Evaluation of the medium- to long-term impact of Integrated Soil Fertility Management practices on soil productivity and other soil-based ecosystem services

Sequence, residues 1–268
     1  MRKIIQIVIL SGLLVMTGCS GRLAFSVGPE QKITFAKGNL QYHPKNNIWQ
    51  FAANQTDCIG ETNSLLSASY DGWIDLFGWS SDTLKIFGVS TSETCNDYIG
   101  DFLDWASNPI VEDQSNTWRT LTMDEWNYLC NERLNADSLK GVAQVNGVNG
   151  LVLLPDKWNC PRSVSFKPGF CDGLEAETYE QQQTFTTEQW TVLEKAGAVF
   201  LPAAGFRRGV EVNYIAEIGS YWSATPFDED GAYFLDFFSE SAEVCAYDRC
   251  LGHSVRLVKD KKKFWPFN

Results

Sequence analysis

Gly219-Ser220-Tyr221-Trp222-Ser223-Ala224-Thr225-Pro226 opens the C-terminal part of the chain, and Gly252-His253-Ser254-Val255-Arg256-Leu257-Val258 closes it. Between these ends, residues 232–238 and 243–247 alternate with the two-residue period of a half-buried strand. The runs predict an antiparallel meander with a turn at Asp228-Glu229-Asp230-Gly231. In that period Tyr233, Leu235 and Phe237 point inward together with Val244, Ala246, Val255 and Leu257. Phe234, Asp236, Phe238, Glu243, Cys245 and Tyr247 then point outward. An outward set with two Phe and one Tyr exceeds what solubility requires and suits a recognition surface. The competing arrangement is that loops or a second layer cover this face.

Land degradation, and particularly soil fertility decline, poses a serious threat to crop production in Sub-Saharan Africa (SSA) because of an increasing pressure on land to meet the increasing demand for food caused by the growing population. In order to overcome the prevalent food insecurity and to eradicate poverty among smallholder farmers, there is a need for a paradigm shift in managing soil fertility by seeking options that optimize crop production per unit area through sustainable intensification (SI) in the face other drivers affecting productivity, including climate change. Sustainable intensification also includes the need to ensure that soil-related ecosystem services other than the production of food, feed, and fiber are retained. In recent years, Integrated Soil Fertility Management (ISFM) has formed the basis of many initiatives aiming at intensifying agriculture in Africa. ISFM is defined as a ‘set of soil fertility management practices that necessarily include the use of fertilizer, organic inputs, and improved germplasm combined with the knowledge on how to adapt these practices to local conditions, aiming at maximizing agronomic use efficiency of the applied nutrients and improving crop productivity. All inputs need to be managed following sound agronomic principles’. While ISFM has been shown to increase crop productivity and input use efficiency in short term trials, its longer term impacts on soil health and yield stability remain largely unknown. There is a need for long-term observatories to understand the processes associated with ISFM, its sustainability and identify the conditions for reversing soil degradation. Such long-term field trials also facilitate the optimization of ISFM across different cropping systems as affected by agro-ecological conditions and other drivers of change such as climate change. Various long-term ISFM trials are still on-going and a set of new ISFM trials in relation to grain legumes, maize, and cassava were initiated in 2014. This activity includes a set of on-going multi-locational ISFM trials focusing on restoring the soil organic matter pool and a set of new long-term trials thatwere be initiated in 2014.